Saturday, July 26, 2008

The world is flat by Thomas L. Friedman

I learnt in a course I took that the traditional manner of managing an organization through a rigid “command and control” structure is something companies cannot afford to do now. Now companies need to allow their “knowledge workers” or employees who have knowledge to come forward and create value for the company, in fact to encourage them to come forward. To do this you need to create an environment through which they can do this.

I just heard a video lecture on MIT World by Thomas L. Friedman who wrote the book “The world is flat” and the point he makes is that the world is now so flat that individuals across the globe are empowered. People in a certain country are importing machines from South Korea, hiring others from their local Arabic school and exporting their merchandise labeled in Arabic to Kuwait. Another very common example of empowerment at the individual level is when anybody with access to the internet and programming skills can go online bid for making a software and get the money for it. Another example is a blog: if I want to find out how people feel about the war in Iraq I can go find their blogs and read them.

An important point the author makes is that this move from vertical silos of countries and companies interoperating with each other to people interoperating with each other, a move from vertical to horizontal has taken place on the basis of a platform. This is the “flat world platform”.

The author has mentioned 10 flatners in his book and three of them in his lecture.

Here they are:

Flatners
1) The PC enabled people to author their own content in digital form. This could be articles, music, images, in short anything that you can make with a PC.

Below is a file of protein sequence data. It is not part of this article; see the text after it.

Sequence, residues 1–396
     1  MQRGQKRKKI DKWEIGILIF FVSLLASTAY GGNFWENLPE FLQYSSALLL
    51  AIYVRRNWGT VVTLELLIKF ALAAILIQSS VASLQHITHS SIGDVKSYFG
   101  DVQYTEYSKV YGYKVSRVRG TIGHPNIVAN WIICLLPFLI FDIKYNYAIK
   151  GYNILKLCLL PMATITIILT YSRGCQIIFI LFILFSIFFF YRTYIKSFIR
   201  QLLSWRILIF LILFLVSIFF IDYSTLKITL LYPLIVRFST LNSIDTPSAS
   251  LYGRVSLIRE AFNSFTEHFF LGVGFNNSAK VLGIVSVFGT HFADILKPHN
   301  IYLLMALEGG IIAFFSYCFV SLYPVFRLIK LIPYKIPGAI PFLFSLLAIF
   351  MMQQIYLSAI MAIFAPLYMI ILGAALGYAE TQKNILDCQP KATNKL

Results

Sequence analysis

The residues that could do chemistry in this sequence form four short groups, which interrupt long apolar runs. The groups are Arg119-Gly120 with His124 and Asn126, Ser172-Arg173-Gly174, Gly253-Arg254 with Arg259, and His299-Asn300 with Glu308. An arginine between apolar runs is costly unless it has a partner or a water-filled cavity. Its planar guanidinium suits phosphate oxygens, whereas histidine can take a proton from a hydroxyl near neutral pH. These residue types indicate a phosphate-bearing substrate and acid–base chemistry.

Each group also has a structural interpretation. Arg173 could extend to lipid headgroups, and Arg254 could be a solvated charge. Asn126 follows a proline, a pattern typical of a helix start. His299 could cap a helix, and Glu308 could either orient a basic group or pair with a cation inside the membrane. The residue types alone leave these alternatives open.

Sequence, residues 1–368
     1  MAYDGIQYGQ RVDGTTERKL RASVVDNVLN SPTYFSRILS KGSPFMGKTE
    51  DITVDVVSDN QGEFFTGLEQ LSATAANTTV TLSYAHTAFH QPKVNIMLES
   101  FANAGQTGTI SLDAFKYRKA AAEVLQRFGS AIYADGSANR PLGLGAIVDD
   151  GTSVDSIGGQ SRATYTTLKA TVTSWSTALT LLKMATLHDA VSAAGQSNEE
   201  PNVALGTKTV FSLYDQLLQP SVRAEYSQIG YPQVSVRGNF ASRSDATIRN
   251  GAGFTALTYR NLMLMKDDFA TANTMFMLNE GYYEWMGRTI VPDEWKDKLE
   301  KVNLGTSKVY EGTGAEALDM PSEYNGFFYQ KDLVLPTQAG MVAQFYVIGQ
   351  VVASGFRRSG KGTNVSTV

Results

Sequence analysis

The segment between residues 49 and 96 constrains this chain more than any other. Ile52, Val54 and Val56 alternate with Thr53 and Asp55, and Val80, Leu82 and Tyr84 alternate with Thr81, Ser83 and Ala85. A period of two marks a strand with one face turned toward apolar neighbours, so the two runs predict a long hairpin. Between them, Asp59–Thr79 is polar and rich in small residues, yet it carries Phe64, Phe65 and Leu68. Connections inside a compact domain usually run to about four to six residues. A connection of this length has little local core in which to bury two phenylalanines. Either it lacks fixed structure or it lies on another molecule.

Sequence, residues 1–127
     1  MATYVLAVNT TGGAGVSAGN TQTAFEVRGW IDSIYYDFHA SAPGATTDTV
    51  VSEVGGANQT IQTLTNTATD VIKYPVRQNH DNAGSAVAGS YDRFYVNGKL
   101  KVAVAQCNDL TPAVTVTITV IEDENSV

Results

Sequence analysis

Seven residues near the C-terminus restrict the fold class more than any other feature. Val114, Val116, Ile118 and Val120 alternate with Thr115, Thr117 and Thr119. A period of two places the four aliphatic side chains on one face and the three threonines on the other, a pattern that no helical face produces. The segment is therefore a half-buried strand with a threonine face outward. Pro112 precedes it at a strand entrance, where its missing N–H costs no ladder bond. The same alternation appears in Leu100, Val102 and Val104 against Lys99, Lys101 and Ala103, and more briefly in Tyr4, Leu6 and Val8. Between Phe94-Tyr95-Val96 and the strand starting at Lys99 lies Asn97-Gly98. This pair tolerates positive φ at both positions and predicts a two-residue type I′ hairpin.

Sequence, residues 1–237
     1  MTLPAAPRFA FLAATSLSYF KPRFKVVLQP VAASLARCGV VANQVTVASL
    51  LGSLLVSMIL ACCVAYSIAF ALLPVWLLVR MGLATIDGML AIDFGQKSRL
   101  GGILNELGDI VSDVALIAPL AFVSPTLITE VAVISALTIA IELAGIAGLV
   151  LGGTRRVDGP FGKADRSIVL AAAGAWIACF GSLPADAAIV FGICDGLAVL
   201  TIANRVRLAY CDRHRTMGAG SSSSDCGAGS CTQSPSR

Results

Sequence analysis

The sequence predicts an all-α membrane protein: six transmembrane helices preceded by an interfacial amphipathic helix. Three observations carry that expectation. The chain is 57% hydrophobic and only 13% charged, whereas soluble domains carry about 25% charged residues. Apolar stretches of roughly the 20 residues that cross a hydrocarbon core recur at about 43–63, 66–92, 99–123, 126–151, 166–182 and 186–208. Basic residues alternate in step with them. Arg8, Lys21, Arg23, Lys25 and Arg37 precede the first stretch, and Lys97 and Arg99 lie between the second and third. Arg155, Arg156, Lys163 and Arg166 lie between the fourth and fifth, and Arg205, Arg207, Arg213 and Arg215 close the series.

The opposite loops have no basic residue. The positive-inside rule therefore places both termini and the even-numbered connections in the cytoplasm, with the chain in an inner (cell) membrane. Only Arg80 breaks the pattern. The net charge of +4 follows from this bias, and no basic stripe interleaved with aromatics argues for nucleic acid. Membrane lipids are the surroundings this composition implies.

2) The Netscape browser…leading to the dotcom boom…leading to massive, unplanned fiber optic cabling worldwide, thus connecting the entire world through the internet.
3) Alphabet soup: http, html, xml, tcp/ip, etc. A whole range of protocols that connected people’s software’s with each other. The author refers to this as the “workflow revolution” i.e. connecting peoples work flows.

An important phenomenon this “flat world platform” led to is “offshoring”. Another important phenomenon it led to is “uploading” (not downloading).

Uploading was the process of people uploading whatever content they wanted online. Examples include: Open source software, university education (eg. Lectures at MIT that are now online), blogging, Wikipedia (an online encyclopedia that is often updated as often as yesterday and about topics that are most recent), YouTube (a place where people can post their videos).

An important rule of the flat world that the author makes is: “Golden rule of business: Whatever can be done will be done”.

If you come up with an idea and you don’t materialize it somebody else will.

The point the author thus makes is that in this hypercompetitive enviornment you are actually competing with your own imagination.

At the individual level the author notes people who can connect two specializations example: enginnering and MBA, or caligraphy and computers (The author said that the font face that came in the mac and was very innovative was because of a person who had taken a calligraphy course at his university and was inspired by it).

The point i'd like to make here in line with my posts about decompartmentalization is: "the level at which you can decompartmentalize is based on how far you can stretch your imagination"

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